There is probably no city as beautiful and magical as Kyoto. For more than a thousand years (until 1868), it served as the seat of imperial power in Japan, making it the cultural epicenter of Japan.
Kyoto has golden temples, vermilion shrines, Zen rock gardens, swaying bamboo woods, sizzling bowls of ramen, and graceful tea ceremonies. It is one of the few remaining locations where visitors may see geishas in their full get-up. You may even still see monks in flowing robes performing ceremonies and hear the chanting at the city’s 2,000 temples and shrines.
Every location in Kyoto is special in its own way, and each of them provides a uniquely Japanese experience. If you are hoping to visit Kyoto anytime soon, here are some activities you can do by yourself or with friends and family.
Visit the Kinkakuji Temple
The Kinkakuji Temple, also known as the Temple of the Golden Pavilion, is one of Kyoto’s most visited landmarks.
It was formerly known as Rokuonji. However, when retiring, shogun Ashikaga Yoshimitsu of the Rinzai Sect moved into this prominent Zen Buddhist temple as his villa. The retired shogun’s initial vision for the temple’s upper two stories — hence the temple’s name, Golden Pavillion — was to have been crafted entirely of gold leaf.
They keep sacred objects, like Buddha’s ashes, in the temple, which, by the way, is called a Sheridan. The three stories of the Kinkakuji Temple showcase a wide range of architectural eras and styles. And wood and white plaster make up the ground floor where the shinden-zukuri technique was employed.
The second floor adopts the Bukke style. And the third floor is styled after a traditional Chinese Zen hall. The Kinkakuji Temple is surrounded by a large pond, from which visitors can admire the temple’s many statues. You can also find the Sekkatei Teahouse at the end of the garden. The temple is open every day from 9 am – 5 pm.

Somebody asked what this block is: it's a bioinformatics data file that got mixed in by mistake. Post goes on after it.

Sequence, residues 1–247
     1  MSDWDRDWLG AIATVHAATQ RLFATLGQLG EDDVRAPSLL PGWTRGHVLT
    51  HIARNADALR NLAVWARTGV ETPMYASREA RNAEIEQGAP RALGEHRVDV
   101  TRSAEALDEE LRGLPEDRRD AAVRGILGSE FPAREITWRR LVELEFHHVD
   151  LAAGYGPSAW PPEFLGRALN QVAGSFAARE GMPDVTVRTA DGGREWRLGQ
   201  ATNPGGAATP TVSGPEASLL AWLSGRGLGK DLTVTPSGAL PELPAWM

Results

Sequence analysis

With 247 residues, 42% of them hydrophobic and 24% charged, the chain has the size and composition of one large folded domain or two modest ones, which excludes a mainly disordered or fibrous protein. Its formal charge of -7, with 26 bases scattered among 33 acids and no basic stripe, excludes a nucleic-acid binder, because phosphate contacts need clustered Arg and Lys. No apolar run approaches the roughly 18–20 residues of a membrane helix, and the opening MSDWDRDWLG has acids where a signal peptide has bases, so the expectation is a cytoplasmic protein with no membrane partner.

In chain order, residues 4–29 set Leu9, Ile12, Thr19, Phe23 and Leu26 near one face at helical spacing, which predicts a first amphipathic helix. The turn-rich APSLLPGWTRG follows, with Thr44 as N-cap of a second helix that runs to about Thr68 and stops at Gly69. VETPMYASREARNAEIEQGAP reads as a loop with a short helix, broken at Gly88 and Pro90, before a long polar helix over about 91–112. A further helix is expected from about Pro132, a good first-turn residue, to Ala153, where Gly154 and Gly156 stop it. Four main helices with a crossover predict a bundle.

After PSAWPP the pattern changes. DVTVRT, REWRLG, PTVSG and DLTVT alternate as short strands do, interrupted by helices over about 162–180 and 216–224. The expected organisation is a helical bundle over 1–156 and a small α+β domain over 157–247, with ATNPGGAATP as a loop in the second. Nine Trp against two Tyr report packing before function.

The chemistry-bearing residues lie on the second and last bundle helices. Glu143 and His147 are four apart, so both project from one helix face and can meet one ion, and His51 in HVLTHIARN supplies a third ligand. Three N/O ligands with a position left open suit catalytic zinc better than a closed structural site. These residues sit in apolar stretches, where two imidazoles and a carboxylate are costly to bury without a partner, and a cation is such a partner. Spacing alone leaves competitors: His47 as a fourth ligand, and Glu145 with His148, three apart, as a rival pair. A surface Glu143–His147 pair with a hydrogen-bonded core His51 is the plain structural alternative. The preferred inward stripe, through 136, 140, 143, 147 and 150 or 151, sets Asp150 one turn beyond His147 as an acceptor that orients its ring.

Experience the Wonder that Is the Fushimi Inari-Taisha Shrine
Thousands of traditional torii gates form a rainbow-hued path leading to the Fushimi Inari-Taisha Shrine, Kyoto’s most recognizable landmark.
A day can be easily spent exploring the paths that lead to the intricate shrines. The Yotsutsuji Intersection, located halfway up the mountain, offers breathtaking panoramas of Kyoto. The Shinto god of rice, Inari, is honored at the Fushimi Inari-Taisha Shrine. So you will find that the trail is dotted with little torii gates and stone fox statues throughout its length. The fox is believed to be Inari’s messenger.
Stroll Around Gion and Southern Higashiyama
Bamboo lanterns at Higashiyama Hanatouro (Lantern Festival), Kyoto, Japan. Lanterns made of young bamboo are placed on a stream running through Maruyama Park.
Gion, located in the southern part of Higashiyama, is a must-see for any visitor to Kyoto because it is home to some of the district’s most beautiful and well-preserved alleys. Paper lanterns illuminate the way through this ancient neighborhood, which is filled with wooden homes set on cobblestone streets.